LDS World: The principle and importance of marriage

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  • Unreconstructed Reb Chantilly, VA
    March 7, 2013 5:55 p.m.


    "Did Emma have any regrets that you are aware of?"

    Oh boy. Pleaze don't go there if you aren't ready to see Joseph as anything other than a perfect prophet. He and Emma loved each other deeply...but they certainly had their "moments" (to be understated) where plural marriage was concerned.

  • Unreconstructed Reb Chantilly, VA
    March 7, 2013 5:49 p.m.


    I'm LDS, but I have to go with Baccus on this one. My religion is important to me personally -- I see no atheists or progressives trying to take away my right to a spiritual relationship with God. I certianly get no enjoyment from watching them "squirm" over my personal religious beliefs.

  • The Scientist Provo, UT
    March 7, 2013 4:32 p.m.

    I wish people would stop blaming god for horrible decisions they make in their lives -- like choosing a spouse!

    I chose my wife on my own, with no help from anyone, especially not from any god, and after almost 30 years of marriage, I have no doubt that no god could possibly have chosen better.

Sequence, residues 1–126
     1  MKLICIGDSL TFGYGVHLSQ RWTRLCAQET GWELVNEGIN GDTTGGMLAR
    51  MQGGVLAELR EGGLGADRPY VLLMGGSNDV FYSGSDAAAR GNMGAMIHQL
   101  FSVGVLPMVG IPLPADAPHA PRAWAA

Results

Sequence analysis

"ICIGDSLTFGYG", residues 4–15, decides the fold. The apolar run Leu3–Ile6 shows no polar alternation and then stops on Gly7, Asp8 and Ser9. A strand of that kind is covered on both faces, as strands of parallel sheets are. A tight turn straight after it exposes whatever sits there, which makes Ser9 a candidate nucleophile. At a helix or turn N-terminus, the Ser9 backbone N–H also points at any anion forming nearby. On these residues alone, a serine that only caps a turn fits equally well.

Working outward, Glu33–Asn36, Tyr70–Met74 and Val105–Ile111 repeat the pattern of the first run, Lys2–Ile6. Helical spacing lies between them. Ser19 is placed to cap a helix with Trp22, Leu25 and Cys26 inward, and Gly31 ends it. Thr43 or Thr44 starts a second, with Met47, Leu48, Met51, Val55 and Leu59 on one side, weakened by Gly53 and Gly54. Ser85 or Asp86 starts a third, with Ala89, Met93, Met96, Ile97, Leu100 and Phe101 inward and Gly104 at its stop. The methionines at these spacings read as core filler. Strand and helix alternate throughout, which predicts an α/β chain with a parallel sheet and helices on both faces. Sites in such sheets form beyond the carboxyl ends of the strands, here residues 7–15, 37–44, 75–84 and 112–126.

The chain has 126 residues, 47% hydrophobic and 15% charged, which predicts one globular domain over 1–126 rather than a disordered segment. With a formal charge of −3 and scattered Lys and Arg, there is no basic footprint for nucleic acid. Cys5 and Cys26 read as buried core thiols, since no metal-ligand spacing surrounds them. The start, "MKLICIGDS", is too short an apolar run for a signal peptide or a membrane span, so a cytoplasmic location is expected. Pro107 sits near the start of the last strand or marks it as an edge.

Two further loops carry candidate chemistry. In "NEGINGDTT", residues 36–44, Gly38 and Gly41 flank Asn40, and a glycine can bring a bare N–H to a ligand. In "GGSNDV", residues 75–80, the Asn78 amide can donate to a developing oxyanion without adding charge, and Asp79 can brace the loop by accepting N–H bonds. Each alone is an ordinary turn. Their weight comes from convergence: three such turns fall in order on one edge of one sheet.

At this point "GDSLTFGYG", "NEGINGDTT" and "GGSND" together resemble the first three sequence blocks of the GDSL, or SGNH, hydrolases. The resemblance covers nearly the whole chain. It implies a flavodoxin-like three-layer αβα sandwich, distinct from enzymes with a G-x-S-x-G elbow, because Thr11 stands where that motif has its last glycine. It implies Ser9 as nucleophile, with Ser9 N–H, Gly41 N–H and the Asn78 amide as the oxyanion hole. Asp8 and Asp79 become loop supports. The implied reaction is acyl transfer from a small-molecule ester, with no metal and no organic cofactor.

• Mountanman Hayden, ID
    March 6, 2013 2:17 p.m.

    @ atl134. Did Emma have any regrets that you are aware of? Does he today?

  • atl134 Salt Lake City, UT
    March 6, 2013 12:35 p.m.

    So I can infer from this article that God has better success in the matchmaking business than Emma.

  • George Bronx, NY
    March 5, 2013 7:57 p.m.

    right because cultures don't change which is why we still all live in hunter gatherer groups. oh wait.

  • kosimov Riverdale, UT
    March 5, 2013 4:24 p.m.

    @JoeBlow: Remember, LDS members believe(d) that Joseph Smith spoke face to face with, and received instructions directly from the Lord. So, given those criteria, if a man I believed spoke directly with God told me to do X or marry Y, I'd do it. If I didn't believe he spoke directly with God, I would not do it. So you are correct in the second case, but in the first case, would you run away from a man who spoke with God and conveyed such a message to you? It would be deeply gratifying to me, and much more, to *KNOW* I was doing the Lord's will. I am a convert to the LDS faith, yet I wonder why so many people so strongly resent and oppose it? It is as though the idea that the Lord could actually do what is written about in all scripture, that is, convey His will to man through a prophet, is somehow so outlandish and unbelievable that any man who says it happened is immediately branded a liar, a cheat, an evil man! Likewise, the church he established, as instructed by God , is condemned. WHY?

  • bandersen Saint George, UT
    March 5, 2013 2:58 p.m.